Hartley Magazine

All the latest news, hints, tips and advice from our experts

Cautionary tale about greenhouse pests – Ticks and Lyme Disease

The doctor said that nobody gets Lyme Disease in December! I did and figured that I picked up the tick in my greenhouse! I wasn’t checking for it because it was, after all, December. But I had seen a mouse in the greenhouse a month or so before the incident. I figured it came in when the door was open and was looking for a winter hideaway.

When my blood test came back positive for Lyme Disease I knew I had to get rid of that mouse and any other mice that might decide that my greenhouse is a nice place for winter hibernation. Mice are an alternate host for the ticks that harbor Lyme disease. Deer are the main host, but you don’t often find a deer in your greenhouse! Hopefully.

What are mice elimination options? The first is to prevent them coming in. That is done by sealing any holes in the greenhouse floor, frame, doors or windows and by installing a screen door. Of course, you will have to make sure a screen door is closed immediately after you go in or out, even when bringing a can of water or bag of potting soil into the greenhouse.

Alan smith 2 June
Even in Winter, pests need to be eliminated.

The second is to eliminate the pests if they do get in. In the past I have used D-Con mouse proof containers but often the mice die in some inconvenient spot and then smell, so I prefer to try to drive them out. Another drastic measure is a simple spring type mousetrap. I had one in the greenhouse for almost a year and did not catch anything other than my finger. Ouch!

I also tried a humane trap and caught some mice. The question then becomes what to do with wild live mice.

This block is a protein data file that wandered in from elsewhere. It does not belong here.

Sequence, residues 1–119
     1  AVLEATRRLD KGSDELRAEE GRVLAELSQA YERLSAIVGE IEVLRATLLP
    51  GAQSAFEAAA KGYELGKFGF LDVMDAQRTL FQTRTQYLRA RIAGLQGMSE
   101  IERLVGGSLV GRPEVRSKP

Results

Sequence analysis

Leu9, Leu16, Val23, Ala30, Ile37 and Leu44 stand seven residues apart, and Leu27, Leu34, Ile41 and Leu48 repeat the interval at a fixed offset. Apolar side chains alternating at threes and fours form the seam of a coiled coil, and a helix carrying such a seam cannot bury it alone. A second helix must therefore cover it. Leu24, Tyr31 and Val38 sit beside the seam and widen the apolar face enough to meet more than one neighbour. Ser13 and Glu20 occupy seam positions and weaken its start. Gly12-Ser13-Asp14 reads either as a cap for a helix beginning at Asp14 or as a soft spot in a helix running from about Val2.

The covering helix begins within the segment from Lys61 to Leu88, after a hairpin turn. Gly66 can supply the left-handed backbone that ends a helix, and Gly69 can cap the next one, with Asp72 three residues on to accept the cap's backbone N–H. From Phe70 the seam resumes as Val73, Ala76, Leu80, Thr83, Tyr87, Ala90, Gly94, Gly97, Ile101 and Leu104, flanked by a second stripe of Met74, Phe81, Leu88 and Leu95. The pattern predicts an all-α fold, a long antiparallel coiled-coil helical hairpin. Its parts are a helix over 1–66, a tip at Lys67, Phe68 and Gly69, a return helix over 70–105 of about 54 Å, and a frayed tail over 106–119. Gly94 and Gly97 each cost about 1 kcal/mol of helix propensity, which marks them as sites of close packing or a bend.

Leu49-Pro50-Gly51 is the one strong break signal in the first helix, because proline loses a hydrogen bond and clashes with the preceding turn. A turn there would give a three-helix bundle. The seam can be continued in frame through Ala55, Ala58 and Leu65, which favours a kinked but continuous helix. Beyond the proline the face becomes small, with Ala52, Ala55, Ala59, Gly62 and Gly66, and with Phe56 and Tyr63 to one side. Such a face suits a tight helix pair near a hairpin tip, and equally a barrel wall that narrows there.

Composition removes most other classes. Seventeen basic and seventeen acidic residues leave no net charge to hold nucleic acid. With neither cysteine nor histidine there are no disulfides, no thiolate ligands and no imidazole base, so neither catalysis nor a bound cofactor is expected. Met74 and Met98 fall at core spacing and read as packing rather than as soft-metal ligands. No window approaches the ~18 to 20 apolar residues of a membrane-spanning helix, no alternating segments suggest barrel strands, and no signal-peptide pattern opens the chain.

Another way to keep small critters out is to use a high-frequency sound generator. They cost around $50 or more and work by emitting a high pitched sound that only animals can hear. Some have strobing lights as well. Does it work? I have no idea, I have never used one, but experts seem to say that they don’t work very well.

Some people say that mothballs, peppermint soaked cotton wool balls, human hair, ammonia, and cat urine will keep mice away. I tried peppermint oil and mothballs in the greenhouse and saw the mouse running around, so I don’t think they are very effective.

Because I do not like to spray pesticides in the greenhouse – after all, I want to eat most of the produce – I looked at organic options. One option is Tick Killz, an organic spray that contains 2-phenethylpropionate. It works by being sprayed on lawns, shrubs, stone walls and other potential tick havens outside the greenhouse to create a DMZ for small rodents.

Another is Damminix Tick Tubes with contain cotton wool balls soaked with non-organic permethrin. Tick Tubes also kill off a lot of other insects including mosquitos and whiteflies and work by allowing mice to take the soaked cotton wool back to their nests. The permethrin kills off the ticks. The mice and other animals are unharmed. You apply Tick Tubes at 24 tubes per half an acre to create a tick free zone in your yard.   For more information on Lyme Disease, check this latest article about research at Johns Hopkins – http://www.baltimorefishbowl.com/stories/johns-hopkins-launches-countrys-first-lyme-disease-research-center/